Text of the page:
Why have 94 per cent of Bangladesh factory collapse victims received no compensation?

Six months on from the disaster that killed over 1,100 workers, Primark is the only brand to have offered victims compensation.

According to the UK charity Action Aid, 94 per cent of survivors and victims’ families from the April 2013 Rana Plaza factory collapse in Bangladesh, which killed over 1,100 people, have received no sick pay or compensation from their employers.

The factory collapse was the country’s worst-ever garment factory disaster, but despite public outrage at poor safety standards in the clothing industry, earlier this month ten factory workers were killed when a fire broke out at a dyeing mill in Dhaka, Bangladesh’s capital.

To date, only Primark has provided compensation to Rana Plaza victims, amounting to around ₤115 per person, for 3000 people. The Bangladesh government has also given ₤18,000 to around a third of victims and their families, but no long-term compensation agreement has been reached.

In September, the global trade union IndustriALL convened a meeting for some of the world’s largest retailers in Geneva to discuss a long-term compensation fund for victims and their families. Only nine of the 23 brands who were using the Rana Plaza factory attended, and no deal was reached. Noteworthy absentees included Benetton and Wal-Mart.

Meanwhile, 92 per cent of survivors of the Rana Plaza disaster have not returned to work, and the same proportion report being deeply traumatised. 63 per cent of survivors have been unable to work due to severe physical injuries. As a consequence, many families face mounting debts as they struggle to cover their living costs.

There have been promising indications of renewed political will to improve health and safety standards. The government of Bangladesh and ILO have launched a $25.2m plan to improve safety over the next three-and-a-half years, with financial support from the UK and Dutch governments, and 100 brands, including Primark, Next, M&S and Arcadia have signed up to a new accord to improve fire and factory safety. But, for the Rana Plaza victims still awaiting compensation this is simply far too little and far too late.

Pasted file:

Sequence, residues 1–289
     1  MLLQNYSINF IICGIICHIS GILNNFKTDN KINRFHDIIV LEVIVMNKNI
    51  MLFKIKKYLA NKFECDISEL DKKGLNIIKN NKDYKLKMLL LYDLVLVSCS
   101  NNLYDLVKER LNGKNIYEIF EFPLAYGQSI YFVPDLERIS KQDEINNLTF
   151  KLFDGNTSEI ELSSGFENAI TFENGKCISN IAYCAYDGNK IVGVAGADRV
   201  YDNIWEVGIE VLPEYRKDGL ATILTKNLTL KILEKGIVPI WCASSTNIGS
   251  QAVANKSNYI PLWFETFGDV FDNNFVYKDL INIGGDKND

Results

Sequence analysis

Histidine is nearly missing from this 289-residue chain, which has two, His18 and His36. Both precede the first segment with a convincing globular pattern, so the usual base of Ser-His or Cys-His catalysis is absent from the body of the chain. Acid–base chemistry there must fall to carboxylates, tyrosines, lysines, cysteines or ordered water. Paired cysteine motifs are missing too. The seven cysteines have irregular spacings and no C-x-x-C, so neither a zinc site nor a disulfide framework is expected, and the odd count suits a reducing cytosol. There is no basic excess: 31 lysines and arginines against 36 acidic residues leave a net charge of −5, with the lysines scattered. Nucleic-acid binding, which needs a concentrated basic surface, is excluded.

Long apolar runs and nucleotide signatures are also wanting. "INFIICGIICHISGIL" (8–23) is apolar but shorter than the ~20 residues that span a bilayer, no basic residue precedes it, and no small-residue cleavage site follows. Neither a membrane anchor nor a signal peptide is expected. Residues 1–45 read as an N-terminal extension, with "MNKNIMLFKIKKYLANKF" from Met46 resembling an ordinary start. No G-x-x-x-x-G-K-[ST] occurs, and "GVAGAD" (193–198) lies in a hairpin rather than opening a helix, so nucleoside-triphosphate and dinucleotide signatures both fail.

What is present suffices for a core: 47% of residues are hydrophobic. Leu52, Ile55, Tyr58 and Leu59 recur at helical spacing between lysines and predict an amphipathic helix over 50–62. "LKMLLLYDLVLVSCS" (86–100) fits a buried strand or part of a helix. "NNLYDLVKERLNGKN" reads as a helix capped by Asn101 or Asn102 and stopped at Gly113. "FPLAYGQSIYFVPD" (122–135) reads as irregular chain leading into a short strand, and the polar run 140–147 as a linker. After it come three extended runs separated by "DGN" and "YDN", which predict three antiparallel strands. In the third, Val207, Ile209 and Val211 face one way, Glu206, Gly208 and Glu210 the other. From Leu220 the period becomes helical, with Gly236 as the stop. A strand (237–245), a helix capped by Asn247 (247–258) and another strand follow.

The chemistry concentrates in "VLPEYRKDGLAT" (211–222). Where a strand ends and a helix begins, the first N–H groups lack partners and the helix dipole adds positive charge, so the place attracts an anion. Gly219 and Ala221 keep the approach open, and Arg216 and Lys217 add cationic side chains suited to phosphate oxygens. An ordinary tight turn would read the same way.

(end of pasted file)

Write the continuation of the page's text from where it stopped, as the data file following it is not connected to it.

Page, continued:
Activists and survivors of the Rana Plaza garment factory disaster demonstrate on the site where the building collapsed. Photo:Getty.

Sophie McBain is a freelance writer based in Cairo. She was previously an assistant editor at the New Statesman.

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French voters face a choice: Thatcherism or fascism

Today's Morning Call. 

Francois Fillon has been handed the task of saving France from a Marine Le Pen presidency and, by extension, the European Union from collapse, after a landslide win over Alain Juppé in the second round of the centre-right Republican party primary, taking 67 per cent of the vote to Juppé's 33 per cent. 

What are his chances? With the left exhausted, divided and unpopular, it's highly likely that it will be Fillon who makes it into the second round of the contest (under the French system, unless one candidate secures more than half in the first round, the top two go to a run off). 

Le Pen is regarded as close-to-certain of winning the first round and is seen as highly likely to be defeated in the second. That the centre-right candidate looks - at least based on the polls - to be the most likely to make it into the top two alongside her puts Fillon in poll position if the polls are right.

As I explained in my profile of him, his path to victory relies on the French Left being willing to hold its nose and vote for Thatcherism - or, at least, as close as France gets to Thatcherism - in order to defeat fascism. It may be that the distinctly Anglo-Saxon whiff of his politics - "Thatcherite Victor vows sharp shock for France" is the Times splash - exerts too strong a smell for the left to ignore.